AROUND THE BAY: Points of Interest in the San Francisco Bay Region
San Francisco emerged with the Gold Rush, and over the following century became America’s portal to the Pacific world. In this period the Bay’s shoreline developed as a regionwide port for defense and offense, with the most transformative period during World War II. In the postwar years the region sprawled, like Los Angeles. Today the nine-county Bay Area has more than 7 million residents. It’s a megacity, with a big wet hole in the middle. The Bay itself can be viewed as a geographic paradox: a place and a void. The collective Bay (composed of San Francisco Bay, San Pablo Bay, and Suisun Bay) both unites and divides the community of the Bay Area, giving identity to a region while separating its populace. The Bay is a back space where the hardened surfaces of the industrial city crumble into the water, as well as a shore front with designed parks and recreational marinas. It is intensely visited in places and nearly inaccessible in others; its beauty acclaimed, its dumping grounds unparalleled; its sparkling water refreshed from Sierra snowmelt, its sewer outfalls and urban runoff robust. Once intensely militarized, it is now, just as intensely, demilitarized. In a sense, the Bay is a natural entity, borne of great rivers draining the entire Central Valley of California; however, every inch of its shoreline today is the product of human activity, by either intent or incident.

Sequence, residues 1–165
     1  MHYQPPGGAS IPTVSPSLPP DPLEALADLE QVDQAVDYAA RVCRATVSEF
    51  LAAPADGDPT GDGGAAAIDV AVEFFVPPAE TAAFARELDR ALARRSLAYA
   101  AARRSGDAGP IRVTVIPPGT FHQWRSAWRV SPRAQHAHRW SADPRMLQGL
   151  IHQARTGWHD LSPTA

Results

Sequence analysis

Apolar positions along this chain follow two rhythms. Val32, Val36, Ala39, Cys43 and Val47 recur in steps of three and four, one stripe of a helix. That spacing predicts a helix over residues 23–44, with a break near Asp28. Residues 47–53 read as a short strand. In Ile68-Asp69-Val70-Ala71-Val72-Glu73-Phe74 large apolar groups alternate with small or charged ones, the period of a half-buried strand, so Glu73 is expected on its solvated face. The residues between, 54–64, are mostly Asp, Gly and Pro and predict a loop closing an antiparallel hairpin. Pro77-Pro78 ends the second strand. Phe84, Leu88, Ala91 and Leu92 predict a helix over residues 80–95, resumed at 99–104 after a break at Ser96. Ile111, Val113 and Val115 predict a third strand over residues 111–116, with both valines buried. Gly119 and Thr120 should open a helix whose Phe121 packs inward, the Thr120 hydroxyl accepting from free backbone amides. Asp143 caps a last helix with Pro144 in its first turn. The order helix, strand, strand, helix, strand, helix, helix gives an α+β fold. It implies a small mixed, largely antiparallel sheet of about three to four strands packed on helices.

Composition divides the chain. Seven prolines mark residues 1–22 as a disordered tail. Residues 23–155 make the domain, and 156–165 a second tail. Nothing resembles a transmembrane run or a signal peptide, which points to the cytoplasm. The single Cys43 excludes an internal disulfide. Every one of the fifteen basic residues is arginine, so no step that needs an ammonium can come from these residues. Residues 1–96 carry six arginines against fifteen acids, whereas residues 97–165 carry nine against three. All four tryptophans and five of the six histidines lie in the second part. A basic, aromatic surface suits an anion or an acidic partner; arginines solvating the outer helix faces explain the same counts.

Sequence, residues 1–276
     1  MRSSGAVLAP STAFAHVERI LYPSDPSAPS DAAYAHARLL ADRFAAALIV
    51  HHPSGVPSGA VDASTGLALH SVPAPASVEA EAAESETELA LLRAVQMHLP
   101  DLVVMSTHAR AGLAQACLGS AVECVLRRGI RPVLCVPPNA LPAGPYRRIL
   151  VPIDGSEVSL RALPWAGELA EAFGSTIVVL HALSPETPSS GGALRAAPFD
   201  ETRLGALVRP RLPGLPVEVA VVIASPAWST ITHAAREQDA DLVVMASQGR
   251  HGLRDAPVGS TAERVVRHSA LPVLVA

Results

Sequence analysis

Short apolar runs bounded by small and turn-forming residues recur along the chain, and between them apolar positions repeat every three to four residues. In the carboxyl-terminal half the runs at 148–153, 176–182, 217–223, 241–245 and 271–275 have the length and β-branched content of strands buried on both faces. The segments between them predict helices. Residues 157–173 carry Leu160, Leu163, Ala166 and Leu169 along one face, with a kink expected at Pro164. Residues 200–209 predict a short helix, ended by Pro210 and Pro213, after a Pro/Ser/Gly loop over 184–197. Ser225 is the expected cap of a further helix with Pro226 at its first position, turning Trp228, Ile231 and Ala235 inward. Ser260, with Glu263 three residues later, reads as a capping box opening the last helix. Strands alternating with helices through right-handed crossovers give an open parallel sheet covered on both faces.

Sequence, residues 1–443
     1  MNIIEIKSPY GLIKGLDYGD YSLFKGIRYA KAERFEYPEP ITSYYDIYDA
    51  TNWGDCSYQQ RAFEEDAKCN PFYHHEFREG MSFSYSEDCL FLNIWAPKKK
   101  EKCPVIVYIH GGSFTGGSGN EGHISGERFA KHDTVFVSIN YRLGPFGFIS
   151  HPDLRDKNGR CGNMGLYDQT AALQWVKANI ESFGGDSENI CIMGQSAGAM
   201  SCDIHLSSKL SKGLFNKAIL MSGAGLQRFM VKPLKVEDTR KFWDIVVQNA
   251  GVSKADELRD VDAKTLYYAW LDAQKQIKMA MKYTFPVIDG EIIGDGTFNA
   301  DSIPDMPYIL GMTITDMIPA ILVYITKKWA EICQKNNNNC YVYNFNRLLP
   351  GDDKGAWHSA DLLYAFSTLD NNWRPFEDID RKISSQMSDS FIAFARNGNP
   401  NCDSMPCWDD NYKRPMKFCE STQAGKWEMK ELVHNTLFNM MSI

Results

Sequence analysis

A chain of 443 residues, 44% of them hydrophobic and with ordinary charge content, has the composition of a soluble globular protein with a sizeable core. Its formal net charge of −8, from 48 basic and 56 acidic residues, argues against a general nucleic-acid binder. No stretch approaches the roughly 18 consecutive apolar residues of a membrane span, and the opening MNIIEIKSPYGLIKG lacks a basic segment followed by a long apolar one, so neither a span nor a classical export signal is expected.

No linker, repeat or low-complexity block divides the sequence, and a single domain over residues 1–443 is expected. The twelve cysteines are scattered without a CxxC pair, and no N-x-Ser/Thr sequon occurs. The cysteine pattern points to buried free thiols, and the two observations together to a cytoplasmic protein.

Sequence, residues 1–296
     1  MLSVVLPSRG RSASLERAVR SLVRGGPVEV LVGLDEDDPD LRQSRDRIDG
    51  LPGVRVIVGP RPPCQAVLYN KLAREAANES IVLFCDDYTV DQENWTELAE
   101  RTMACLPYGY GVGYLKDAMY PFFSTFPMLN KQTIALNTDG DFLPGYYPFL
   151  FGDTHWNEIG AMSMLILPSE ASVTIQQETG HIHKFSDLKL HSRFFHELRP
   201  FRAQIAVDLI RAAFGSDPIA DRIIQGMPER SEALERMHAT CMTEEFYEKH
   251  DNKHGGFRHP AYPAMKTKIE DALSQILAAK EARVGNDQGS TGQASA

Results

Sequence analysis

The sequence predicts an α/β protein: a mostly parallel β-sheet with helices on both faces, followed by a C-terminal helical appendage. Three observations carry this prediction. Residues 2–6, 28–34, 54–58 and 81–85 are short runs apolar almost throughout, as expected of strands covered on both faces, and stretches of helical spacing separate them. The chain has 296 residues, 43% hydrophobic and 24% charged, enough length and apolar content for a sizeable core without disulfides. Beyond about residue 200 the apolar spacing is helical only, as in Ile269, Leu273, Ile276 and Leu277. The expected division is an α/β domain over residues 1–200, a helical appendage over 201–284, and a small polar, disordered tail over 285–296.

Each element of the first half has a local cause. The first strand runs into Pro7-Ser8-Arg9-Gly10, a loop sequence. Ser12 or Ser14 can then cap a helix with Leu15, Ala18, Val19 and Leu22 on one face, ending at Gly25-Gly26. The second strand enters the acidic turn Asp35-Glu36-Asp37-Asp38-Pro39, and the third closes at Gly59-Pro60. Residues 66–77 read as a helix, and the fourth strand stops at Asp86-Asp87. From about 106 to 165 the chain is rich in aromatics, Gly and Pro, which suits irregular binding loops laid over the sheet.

2013 CLUI Research Project